5. Do Your Research

Whatever your activity of choice, be sure and do some advanced research and planning to ensure it’s right for your family. If you’re mapping out a hiking trail, either go on a test run yourself beforehand, or do enough research that you can assure yourself your kids will enjoy it. Remember, if it’s too difficult for them, you may end up having to turn back sooner than you’d like, or carrying them part of the way. When selecting other activities to do, be choosy with things that require group participation, like designated cave tours or kayak trips. If something happens or your child just wants to leave early, it’s not always easy to step away from a guided tour, and could be inhibitive for others in the group.

6. Leave Room for Spontaneity

Obviously, when visiting any national park, you’re going to want to do plenty of advanced planning and preparation, but it’s equally important to remember to leave some wiggle room for impromptu activities and ideas. A trip that’s too rigidly structured is more likely to feel like a class field trip, and less like family fun. An idea is to approach your day (or days) with outlines or ideas, and allow room for your kids to weight in with their thoughts to help map out the day.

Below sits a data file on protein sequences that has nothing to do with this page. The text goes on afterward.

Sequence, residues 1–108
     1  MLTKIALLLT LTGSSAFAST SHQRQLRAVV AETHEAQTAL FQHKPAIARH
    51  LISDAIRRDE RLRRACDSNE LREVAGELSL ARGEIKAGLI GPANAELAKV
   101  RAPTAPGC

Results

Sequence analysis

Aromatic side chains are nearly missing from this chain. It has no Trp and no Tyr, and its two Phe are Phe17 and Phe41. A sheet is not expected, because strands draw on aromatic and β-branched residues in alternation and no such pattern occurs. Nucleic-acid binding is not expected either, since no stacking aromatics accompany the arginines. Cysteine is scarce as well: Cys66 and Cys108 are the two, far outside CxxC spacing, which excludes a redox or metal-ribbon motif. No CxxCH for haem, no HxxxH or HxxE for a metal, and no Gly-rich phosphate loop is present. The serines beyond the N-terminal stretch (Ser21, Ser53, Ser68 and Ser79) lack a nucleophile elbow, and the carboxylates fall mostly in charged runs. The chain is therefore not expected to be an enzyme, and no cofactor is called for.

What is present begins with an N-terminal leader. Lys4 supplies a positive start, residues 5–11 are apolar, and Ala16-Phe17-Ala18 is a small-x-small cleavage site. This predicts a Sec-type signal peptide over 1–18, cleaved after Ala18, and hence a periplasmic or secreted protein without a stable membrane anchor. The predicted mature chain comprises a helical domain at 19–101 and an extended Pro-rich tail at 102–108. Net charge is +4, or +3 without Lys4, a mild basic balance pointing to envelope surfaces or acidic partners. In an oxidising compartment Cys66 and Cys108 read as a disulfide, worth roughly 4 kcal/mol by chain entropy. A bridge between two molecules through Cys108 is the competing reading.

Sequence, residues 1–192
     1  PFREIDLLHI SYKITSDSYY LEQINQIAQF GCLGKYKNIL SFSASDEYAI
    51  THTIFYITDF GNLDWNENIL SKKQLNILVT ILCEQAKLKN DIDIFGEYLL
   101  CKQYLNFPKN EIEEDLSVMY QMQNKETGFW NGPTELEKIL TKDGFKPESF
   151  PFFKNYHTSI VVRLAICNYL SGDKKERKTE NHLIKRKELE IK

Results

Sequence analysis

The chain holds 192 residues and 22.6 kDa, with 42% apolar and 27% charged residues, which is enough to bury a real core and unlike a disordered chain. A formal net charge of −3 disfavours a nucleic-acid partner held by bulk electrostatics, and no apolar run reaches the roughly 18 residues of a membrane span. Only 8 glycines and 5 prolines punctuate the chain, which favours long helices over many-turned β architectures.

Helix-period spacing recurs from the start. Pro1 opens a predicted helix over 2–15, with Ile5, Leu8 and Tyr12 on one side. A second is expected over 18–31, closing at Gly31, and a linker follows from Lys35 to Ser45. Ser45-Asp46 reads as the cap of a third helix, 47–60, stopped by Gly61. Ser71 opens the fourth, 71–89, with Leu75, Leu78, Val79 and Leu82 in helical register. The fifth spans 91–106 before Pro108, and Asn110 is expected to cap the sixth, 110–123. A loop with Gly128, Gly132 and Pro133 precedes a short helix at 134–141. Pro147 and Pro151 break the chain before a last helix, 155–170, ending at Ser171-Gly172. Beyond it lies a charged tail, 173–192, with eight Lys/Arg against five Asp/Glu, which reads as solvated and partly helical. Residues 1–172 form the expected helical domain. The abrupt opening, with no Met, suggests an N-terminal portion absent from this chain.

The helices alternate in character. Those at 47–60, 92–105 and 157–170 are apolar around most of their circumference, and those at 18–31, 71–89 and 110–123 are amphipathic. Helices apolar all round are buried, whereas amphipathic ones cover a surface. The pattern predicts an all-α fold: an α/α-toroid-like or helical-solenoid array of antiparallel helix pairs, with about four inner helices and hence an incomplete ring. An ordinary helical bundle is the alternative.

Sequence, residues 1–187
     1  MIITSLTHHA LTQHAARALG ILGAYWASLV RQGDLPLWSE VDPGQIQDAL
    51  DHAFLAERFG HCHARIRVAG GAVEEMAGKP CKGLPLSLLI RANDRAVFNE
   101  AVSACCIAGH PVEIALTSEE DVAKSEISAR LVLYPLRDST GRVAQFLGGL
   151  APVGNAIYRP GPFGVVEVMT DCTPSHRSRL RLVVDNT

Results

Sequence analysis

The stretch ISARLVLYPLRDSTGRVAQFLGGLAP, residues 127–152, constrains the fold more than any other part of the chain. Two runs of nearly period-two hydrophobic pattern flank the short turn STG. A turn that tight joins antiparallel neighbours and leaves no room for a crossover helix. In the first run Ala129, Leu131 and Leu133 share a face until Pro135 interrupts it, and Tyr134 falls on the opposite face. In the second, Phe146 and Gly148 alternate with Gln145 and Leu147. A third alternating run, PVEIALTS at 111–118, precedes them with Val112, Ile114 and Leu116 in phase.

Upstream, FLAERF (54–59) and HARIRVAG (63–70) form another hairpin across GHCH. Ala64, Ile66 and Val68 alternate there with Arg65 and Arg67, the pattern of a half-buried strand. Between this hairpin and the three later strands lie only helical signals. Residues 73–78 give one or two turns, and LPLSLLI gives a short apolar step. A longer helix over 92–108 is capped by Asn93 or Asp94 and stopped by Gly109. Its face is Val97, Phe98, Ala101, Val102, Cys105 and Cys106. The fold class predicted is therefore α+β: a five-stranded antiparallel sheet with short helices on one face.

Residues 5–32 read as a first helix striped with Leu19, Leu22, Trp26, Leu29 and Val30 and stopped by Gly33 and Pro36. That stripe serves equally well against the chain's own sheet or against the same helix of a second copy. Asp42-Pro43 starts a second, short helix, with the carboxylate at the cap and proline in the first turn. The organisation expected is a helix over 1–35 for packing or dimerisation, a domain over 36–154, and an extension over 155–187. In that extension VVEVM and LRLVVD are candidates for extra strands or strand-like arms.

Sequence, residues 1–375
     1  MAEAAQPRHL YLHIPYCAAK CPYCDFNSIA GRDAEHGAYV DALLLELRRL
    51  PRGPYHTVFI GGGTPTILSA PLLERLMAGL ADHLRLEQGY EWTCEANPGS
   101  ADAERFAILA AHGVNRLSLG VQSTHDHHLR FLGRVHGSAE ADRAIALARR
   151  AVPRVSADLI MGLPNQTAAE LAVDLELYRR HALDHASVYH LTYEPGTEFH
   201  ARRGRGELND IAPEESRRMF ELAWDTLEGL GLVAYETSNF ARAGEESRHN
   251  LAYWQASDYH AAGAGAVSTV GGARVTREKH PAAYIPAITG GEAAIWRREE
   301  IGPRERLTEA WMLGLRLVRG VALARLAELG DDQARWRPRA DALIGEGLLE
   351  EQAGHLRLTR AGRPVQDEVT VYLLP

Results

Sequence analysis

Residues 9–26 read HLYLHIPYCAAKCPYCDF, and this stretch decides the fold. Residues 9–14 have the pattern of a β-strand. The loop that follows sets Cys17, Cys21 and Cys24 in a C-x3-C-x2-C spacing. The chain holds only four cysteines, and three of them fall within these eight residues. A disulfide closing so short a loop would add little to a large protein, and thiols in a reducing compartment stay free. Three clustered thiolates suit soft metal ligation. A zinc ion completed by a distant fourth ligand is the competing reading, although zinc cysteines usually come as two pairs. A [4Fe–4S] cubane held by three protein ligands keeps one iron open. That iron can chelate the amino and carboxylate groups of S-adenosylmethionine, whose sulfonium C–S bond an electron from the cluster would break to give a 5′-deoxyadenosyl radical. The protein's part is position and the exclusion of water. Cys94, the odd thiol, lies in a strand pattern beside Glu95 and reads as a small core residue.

7. Don’t Pressure Yourself Too Much

Kids will be kids. It’s important to remember this while visiting a national park. If your kids seem like they’re having a bad time, or they complain about something, don’t feel obligated to force yourself to finish an activity. Just because you don’t summit a mountain trail doesn’t mean you didn’t see amazing vistas along the way. And at the end of the day, even if your kids seem like they’re not having as much fun as they do at, say, an amusement park, just know that you’re making unique memories they’ll grow to love and look back on fondly.

8. Teach Your Kids About “Leave No Trace” Principles

Early age is the optimal time to start imbuing sustainable ideas, and there’s no better setting for this than a national park. By incorporating sustainable actions in with other fun activities, your kids will have positive associations with eco-friendly exploration. For instance, if you’re hiking, bring along some extra bags to collect trash you might find, and turn it into a game (e.g. the person who collects the most trash gets to pick the next family movie night).

Born and raised in New Hampshire, Matt Kirouac grew up with a love for camping and the outdoors. Though he’s lived in Chicago since 2006, he’s always on the lookout for new adventures. He writes about travel and food for outlets like TripExpert, Money Inc, Upventur, DiningOut, Food Fanatics magazine, Plate Magazine and Zagat, and he currently serves as Chicago editor for What Should We Do?! He’s the author of The Hunt Guides: Chicago (2016) and Unique Eats & Eateries of Chicago (2017).

Visiting our national parks is a great way to get kids interested in the great outdoors. Follow these tips to get the most out of a national park trip with kids.